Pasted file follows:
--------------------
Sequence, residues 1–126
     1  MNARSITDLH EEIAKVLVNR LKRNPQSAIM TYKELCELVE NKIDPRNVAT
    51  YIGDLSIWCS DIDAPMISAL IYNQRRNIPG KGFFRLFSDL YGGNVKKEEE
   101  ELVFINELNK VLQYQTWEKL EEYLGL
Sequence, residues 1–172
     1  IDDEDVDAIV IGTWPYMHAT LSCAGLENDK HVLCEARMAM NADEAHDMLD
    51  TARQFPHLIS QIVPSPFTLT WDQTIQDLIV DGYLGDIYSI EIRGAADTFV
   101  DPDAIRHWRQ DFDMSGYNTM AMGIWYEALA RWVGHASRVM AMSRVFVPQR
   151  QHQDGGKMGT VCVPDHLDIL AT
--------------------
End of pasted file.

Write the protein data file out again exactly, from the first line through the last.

Sequence, residues 1–126
     1  MNARSITDLH EEIAKVLVNR LKRNPQSAIM TYKELCELVE NKIDPRNVAT
    51  YIGDLSIWCS DIDAPMISAL IYNQRRNIPG KGFFRLFSDL YGGNVKKEEE
   101  ELVFINELNK VLQYQTWEKL EEYLGL
Sequence, residues 1–172
     1  IDDEDVDAIV IGTWPYMHAT LSCAGLENDK HVLCEARMAM NADEAHDMLD
    51  TARQFPHLIS QIVPSPFTLT WDQTIQDLIV DGYLGDIYSI EIRGAADTFV
   101  DPDAIRHWRQ DFDMSGYNTM AMGIWYEALA RWVGHASRVM AMSRVFVPQR
   151  QHQDGGKMGT VCVPDHLDIL AT